IW: Is there a common theme to this record?
Boroyan: There are several themes to this record, some being more subtle than others. The most obvious one is the prominent Western outlaw imagery and subject matter. I guess it’s sort of akin to the Desperado record by the Eagles, albeit a bit more aggressive. This has been a progressing theme for us since our last album. It’s when we started wearing the cowboy vests on stage and all that. Since then, the band has tuned its image to a more edgy Spaghetti Western aesthetic (More Clint Eastwood and less John Wayne). In the song “Five Guns West,” we allude to the notion that some of the old west outlaws had the reputation that rock ‘n’ roll bands have now. Some of the more notorious ones like Jesse and Frank James were genuine celebrities; their myth always being far more sensational than the truth.
IW: The songs from this new record seem to have a different vibe than the last couple of records. Was that a conscious decision?
Brugge: Absolutely. We have been consistently working in this direction for a long time now. It may have not been as apparent in our prior releases, but it sometimes can be a very slow process. Tak and I like to say that this record is the closest sounding cover band to the band in our heads. Meaning, we feel that our abilities are finally catching up with our ideas. The one thing I do know is, we put our hearts and souls into this record, and we’re damn proud of what we ended up with.
IW: This might be an odd question, but why did you decide to self-title this record?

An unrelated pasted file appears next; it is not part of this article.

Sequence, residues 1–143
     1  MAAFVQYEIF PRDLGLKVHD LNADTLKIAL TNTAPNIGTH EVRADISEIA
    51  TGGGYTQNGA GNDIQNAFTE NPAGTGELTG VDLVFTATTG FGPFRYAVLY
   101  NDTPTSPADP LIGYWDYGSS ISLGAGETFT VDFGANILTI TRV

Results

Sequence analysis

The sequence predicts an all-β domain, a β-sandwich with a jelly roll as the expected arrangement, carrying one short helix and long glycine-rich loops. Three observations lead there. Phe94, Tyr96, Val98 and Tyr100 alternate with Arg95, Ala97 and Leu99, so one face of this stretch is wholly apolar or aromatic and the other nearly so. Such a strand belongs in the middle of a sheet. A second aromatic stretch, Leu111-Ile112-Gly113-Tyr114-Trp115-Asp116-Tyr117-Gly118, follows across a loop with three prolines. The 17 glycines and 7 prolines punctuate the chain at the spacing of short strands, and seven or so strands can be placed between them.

Boroyan: There have been so many monumental changes to the band since the first two records that it felt like it warranted a fresh start, a reboot if you will. It’s the first record without all original members. Also, during the making of it, we decided to make the band a four-piece instead of five (with Alex singing and playing rhythm guitar). The musical direction influenced the decision to self-title the record as well. While Let it Ride was a punk record, Deadrose Junction was a transitional record; but, this self-titled one is a definite rock ‘n’ roll album. It’s just a different era for us altogether.
IW: Can you talk a little bit about the songs on the new album?
Brugge: Every song has its own sense of satisfaction; I guess some could be considered more monumental than the next. “Wild Hearts” is the first acoustic, non-hard hitting, non-rock song we’ve ever released. “Hold On” is the first male and female duet we’ve ever released. “Doghouse Blues” is the first southern rock, gospel choir-inspired song for us. “Lift Me Up” is the first song I had to have Tak kick me in the testicles during tracking just to hit the notes for the melody. Bottom line is there are a lot of firsts on this record. The common theme that we’ve carried with us from album to album is that we have high standards for the music we produce……oh yeah, and we like to rock, too.